And lose by over-running. Henry VIII. A. 1, S.I.

Like a jolly troop of huntsmen come
Our lusty English, all with purpled hands,
Dy'd in the dying flaughter of their foes.

King John, A, 2, S. 2.
Shall we go throw away our coats of steel,
And wrap our bodies in black mourning gowns,
Numb’ring our Ave-Maries with our beads ?
Or shall we on the helmets of our foes
Tell our devotion with revengeful arms?

Henry VI. P. 3, A. 2, S. 1.

1 like the bee tolling from every flower

The virtuous sweets.] The reading of the quarto is tolling. The folio reads culling: Tolling is taking toll. STEEVENS.

Tolling" is not in this place taking toll, or tribute, but fimply taking away. The sense is the same as culling. A. B.



Henry, your sovereign,
Is prisoner to the foe; his state usurp’d,
His realm a daughter-house, his subjects slain,
His statutes cancell'd, and his treasure spent;
And yonder is the wolf, that makes this spoil,

Henry VI. P. 3, A. 5, S. 4.

I spake of most disastrous chances, Of moving accidents, by flood, and field; Of hair-breadth 'scapes i' the imminent deadly breach; Of being taken by the insolent foe, And fold to Navery:

Othello, A. I, S.

I have kept back their foes, While they have told their money, and let out Their coin upon large interest; I myself, Rich only in large hurts. All those, for this? Is this the balsam that the usuring senate Pours into captain's wounds ?

Timon of Athens, A. 3, S. 5.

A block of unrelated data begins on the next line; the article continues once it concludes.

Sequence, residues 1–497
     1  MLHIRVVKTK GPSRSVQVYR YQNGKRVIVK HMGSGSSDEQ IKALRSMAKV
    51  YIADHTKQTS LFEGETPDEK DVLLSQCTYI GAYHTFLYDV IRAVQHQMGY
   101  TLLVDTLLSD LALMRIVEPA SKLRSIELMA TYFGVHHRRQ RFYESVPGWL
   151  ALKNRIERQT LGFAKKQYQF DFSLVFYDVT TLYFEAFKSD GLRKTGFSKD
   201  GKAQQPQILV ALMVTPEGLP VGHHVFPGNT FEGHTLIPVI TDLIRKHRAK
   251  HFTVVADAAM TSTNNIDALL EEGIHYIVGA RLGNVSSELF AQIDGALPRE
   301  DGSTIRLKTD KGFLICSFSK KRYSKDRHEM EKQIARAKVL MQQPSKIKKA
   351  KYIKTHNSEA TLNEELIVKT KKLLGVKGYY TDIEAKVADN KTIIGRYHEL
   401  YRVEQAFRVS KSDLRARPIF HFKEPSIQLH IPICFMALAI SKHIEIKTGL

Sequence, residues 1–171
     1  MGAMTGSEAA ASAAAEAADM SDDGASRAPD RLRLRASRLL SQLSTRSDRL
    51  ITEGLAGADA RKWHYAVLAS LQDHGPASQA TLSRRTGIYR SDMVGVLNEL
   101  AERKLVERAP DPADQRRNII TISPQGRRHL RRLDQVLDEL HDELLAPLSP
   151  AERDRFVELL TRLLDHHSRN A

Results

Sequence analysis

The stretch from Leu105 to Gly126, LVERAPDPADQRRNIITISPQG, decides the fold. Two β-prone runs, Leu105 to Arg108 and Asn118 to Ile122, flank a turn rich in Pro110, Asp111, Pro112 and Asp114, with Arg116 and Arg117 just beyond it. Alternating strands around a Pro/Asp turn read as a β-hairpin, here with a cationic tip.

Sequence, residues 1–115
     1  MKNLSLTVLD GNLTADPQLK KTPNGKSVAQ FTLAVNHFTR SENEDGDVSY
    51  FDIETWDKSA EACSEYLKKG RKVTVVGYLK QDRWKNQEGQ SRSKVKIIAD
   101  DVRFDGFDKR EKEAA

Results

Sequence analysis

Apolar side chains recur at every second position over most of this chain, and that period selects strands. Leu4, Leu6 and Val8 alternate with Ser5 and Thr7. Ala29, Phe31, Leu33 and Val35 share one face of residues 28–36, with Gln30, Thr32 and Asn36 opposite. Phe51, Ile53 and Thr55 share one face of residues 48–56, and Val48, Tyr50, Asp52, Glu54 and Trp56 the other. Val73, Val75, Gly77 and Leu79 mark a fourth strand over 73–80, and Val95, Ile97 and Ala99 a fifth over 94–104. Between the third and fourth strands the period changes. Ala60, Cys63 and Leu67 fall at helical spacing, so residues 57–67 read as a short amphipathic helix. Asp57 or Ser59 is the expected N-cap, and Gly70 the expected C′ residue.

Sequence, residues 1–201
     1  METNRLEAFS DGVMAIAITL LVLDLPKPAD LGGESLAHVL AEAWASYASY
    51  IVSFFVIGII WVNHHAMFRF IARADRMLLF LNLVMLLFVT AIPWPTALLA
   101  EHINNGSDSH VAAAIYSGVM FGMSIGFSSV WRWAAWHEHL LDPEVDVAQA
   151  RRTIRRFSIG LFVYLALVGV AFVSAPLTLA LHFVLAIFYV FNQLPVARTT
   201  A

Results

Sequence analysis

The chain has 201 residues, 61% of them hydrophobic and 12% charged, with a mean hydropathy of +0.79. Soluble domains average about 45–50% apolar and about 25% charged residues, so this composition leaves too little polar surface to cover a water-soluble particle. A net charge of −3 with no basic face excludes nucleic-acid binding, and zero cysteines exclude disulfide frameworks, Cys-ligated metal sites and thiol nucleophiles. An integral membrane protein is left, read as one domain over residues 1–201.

FOOL, FOOLS, FOLLY. God give them wisdom, that have it: and those that are fools, let them use their talents.

Twelfth Night, A. 1, S. 5. The lady Olivia has no folly: she will keep no fool, sir, till she be married; and fools are as like husbands, as pilchards are to herrings, the husband's the bigger.

Twelfth Night, A. 3, S. 1. There is no slander in an allow'd fool, though he do nothing but rail : nor no railing in a known difcreet man, though he do nothing but reprove.

Twelfth Night, A. I, S. 5. This fellow is wise enough to play the fool; And, to do that well, craves a kind of wit; He must observe their mood on whom he jests, The quality of the persons, and the time;


And, like the haggard, checks at every feather
That comes before his eye. Twelfth Night, A. 3, S. 1,

- I am a fool,
To weep at what I am glad of. Tempeft, A.

The loyalty, well held to fools, does make
Our faith mere folly :-Yet, he that can endure
To follow with allegiance a fallen lord,
Does conquer him that did his master conquer,
And earns a place i' the story.

Ant. and Cleop. A. 3, S. 11.

You may as well Forbid the sea for to obey the moon, As or, by oath, remove, or counsel, shake The fabrick of his folly. Winter's Tale, A. I, S. 2.

If thou wilt needs marry, marry a fool; for wise men know well enough, what monsters you make of them.

Hamlet, A. 3, S. i.

I must have liberty Withal, as large a charter as the wind, To blow on whom I please; for so fools have: And they that are most galled with my folly, They most must laugh. As you like it, A. 2, S. 7. Thou art a fool: fhe robs thee of thy naine; And thou wilt show more bright, and seem more vir


When she is gone. As you like it, A. 1, S. 3.

When I did hear The motley fool thus moral on the time, My lungs began to crow like chanticleer, That fools should be so deep contemplative.

As you like it, A. 2, S. 7. *And my poor fool is hang'd! No, no, no life.

Lear, A. 5, S. 3,

And And my poor fool is hang d.) This is an expression of tenderwels for his dead Cordelia (not his fool, as some have thought),